Held Wednesday, December 4, 2002
Today we continue our study of optimization with an extended example.
- I now have one parser in hand. Can I expect the others soon?
- Upcoming schedule:
- Friday: Final distributed; More optimization
- Monday: Nathan presents on type inference
- Wednesday: Garbage collection
- Friday: Wrapup
- Due dates:
- Parser: Monday, 9 December 2002 (final deadline)
- Translator: Friday, 20 December 2002
- Final: Friday, 20 December 2002
- I will also assign a short essay on your project experience.
I expect you to take it much more seriously than you took the
- Improvement, reviewed
- Loop optimization
- An example
- We typically want to spend the most effort where it will make
the most difference.
- The typical observation is that 10% of the code does 90% of the
- At the source level, we can profile the code to figure out
where most of the work goes on and then carefully recode
- At the intermediate level, we can identify loops and
- How do we identify loops? By looking at the flow graph.
- What optimizations are available?
- Code movement: If we can get statements out of loops,
we're much better off.
- Induction variables and reduction in strength not all
operations are the same (for example, multiplication may take more
time than addition). At times, we can trade one for the other
by observing when two variables change in lockstep.
- Consider the following sample code
add t1, $1, t1
mul t1, $4, t2
- We call t1 and t2 induction variables because they
change in relation to the loop and because a proof of the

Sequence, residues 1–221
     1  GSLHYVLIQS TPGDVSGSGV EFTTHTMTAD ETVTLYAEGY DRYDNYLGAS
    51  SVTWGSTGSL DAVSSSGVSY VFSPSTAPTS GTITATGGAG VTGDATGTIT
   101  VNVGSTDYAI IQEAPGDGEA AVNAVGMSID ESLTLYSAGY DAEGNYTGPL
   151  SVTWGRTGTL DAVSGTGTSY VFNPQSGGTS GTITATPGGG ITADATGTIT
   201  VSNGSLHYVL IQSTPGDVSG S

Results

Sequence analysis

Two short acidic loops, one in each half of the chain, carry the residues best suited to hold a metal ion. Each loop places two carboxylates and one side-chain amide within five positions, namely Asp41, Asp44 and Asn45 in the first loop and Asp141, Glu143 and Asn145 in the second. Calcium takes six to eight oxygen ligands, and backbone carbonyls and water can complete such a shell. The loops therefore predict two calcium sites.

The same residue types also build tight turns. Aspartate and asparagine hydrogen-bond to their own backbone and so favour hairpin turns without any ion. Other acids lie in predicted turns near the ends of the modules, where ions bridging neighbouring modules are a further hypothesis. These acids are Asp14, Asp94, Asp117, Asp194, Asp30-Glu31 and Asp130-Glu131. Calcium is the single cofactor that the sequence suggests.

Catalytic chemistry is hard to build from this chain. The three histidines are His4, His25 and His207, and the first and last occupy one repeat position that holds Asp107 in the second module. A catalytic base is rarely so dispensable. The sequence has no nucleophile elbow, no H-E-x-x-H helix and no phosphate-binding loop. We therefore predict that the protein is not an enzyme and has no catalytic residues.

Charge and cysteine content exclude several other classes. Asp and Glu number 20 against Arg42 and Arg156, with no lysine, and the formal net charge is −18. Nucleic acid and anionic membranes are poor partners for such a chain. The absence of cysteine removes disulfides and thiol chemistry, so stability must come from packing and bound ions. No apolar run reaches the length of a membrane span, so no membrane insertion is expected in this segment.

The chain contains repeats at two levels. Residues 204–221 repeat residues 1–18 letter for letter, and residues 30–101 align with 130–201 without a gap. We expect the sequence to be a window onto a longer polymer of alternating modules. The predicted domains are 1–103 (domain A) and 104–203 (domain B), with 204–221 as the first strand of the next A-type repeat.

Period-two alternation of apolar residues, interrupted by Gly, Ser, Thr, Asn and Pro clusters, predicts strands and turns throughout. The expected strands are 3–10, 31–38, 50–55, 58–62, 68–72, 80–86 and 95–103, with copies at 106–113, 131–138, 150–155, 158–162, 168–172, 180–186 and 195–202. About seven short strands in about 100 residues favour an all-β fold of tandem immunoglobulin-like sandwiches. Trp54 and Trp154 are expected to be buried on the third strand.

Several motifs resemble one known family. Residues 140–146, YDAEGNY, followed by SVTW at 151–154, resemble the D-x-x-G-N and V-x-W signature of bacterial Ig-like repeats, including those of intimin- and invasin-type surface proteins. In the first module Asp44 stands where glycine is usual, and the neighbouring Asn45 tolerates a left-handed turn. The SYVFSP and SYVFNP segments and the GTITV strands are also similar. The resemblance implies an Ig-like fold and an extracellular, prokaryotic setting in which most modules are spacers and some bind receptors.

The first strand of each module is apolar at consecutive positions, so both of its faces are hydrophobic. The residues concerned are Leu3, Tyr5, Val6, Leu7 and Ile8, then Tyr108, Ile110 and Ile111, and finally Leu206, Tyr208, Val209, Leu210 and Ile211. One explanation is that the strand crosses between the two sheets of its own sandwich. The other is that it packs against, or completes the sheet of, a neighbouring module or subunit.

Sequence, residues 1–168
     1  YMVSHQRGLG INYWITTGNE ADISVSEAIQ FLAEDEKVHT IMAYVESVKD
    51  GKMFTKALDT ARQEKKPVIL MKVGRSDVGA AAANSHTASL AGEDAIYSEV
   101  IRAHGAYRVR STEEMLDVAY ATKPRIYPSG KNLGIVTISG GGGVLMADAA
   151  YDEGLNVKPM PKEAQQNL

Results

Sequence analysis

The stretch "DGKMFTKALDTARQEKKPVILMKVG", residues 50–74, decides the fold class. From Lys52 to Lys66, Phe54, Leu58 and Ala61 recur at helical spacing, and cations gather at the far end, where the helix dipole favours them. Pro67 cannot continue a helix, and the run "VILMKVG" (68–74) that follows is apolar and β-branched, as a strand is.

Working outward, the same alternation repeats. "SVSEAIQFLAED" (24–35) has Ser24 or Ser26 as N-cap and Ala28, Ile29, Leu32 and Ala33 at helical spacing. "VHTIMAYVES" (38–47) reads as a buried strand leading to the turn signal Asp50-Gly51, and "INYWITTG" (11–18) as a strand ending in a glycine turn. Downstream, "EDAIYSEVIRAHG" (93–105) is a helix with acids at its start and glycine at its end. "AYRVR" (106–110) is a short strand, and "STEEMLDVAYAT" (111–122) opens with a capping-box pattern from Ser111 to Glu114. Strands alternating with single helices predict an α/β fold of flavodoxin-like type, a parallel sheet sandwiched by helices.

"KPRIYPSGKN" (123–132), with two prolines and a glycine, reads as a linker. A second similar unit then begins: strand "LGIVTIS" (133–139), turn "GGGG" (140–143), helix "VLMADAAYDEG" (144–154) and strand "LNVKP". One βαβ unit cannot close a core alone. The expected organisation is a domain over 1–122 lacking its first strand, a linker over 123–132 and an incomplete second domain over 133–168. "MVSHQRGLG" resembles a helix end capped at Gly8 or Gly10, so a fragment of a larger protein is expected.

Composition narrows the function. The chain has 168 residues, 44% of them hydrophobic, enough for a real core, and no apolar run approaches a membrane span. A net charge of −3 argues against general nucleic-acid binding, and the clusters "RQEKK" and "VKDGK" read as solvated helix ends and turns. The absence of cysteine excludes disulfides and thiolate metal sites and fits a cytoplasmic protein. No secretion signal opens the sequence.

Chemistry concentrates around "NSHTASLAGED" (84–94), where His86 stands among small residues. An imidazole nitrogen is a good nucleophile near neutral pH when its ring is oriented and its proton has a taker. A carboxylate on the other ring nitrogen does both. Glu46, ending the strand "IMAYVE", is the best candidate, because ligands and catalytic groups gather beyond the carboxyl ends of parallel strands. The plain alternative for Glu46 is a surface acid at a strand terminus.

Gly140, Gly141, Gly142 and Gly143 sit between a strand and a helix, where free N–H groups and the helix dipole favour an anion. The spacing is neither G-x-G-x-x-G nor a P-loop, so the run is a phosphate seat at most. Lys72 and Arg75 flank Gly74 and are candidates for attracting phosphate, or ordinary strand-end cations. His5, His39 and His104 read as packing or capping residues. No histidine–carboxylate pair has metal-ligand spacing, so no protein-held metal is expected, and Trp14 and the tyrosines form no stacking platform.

loop's termination will typically involve inducation on
one of these variables
- Some simple analysis tells us that at every step of the
loop, t1 is incremented by 1 which means that t2 is
incremented by 4.
- If t1 is never used again, we can replace the code with
- Even if t1 is used again, the add is still cheaper than
- Let's look at a slightly longer program and consider how
to optimize it.
- Consider the code fragment
for i := 1 to n do
for j := 1 to n do
B[j,i] := A[i,j]
- Assumptions for translation:
- Integers take four bytes
- Each dimension of the array is indexed from 1..n.
- The array is stored in row-major order. That is, if n is 3,
we have the following elements in sequence A[1,1], A[1,2],
A[1,3], A[2,1], A[2,2], A[2,3], A[3,1], A[3,2], A[3,3].
- Given those assumptions, and knowledge that the representation of
A begins at some position (which we'll also call A), where if A[x,y]?
- base of A + offset n*4*(x-1) + 4*(y-1)
- The code will look something like the following
MOV $1, i
JEQ i, n -> END_OUTER
MOV $1 -> j
JEQ j, n -> END_INNER
ISUB i, $1 -> t1
IMUL t1, $4 -> t2
IMUL t2, n -> t3
ISUB j, $1 -> t4
IMUL t4, $4 -> t5
IADD t3, t5 -> t6
MOV offset(A,t6) -> t7
ISUB j, $1 -> t8
IMUL t8, $4 -> t9
IMUL t9, n -> t10
ISUB i, $1 -> t11
IMUL t11, $4 -> t12
IADD t10, t12 -> t13
IMOV t7 -> offset(B,t13)
IADD j, $1 -> j
IADD i, $1 -> i
- We'll start by breaking the code into basic blocks.
- We'll continue by identifying and eliminating common
- We'll continue by propagating copies.
- We'll conclude by identifying induction variables and
reducing the strength of some operations.
Thursday, 29 August 2002
- First version, based somewhat on outlines from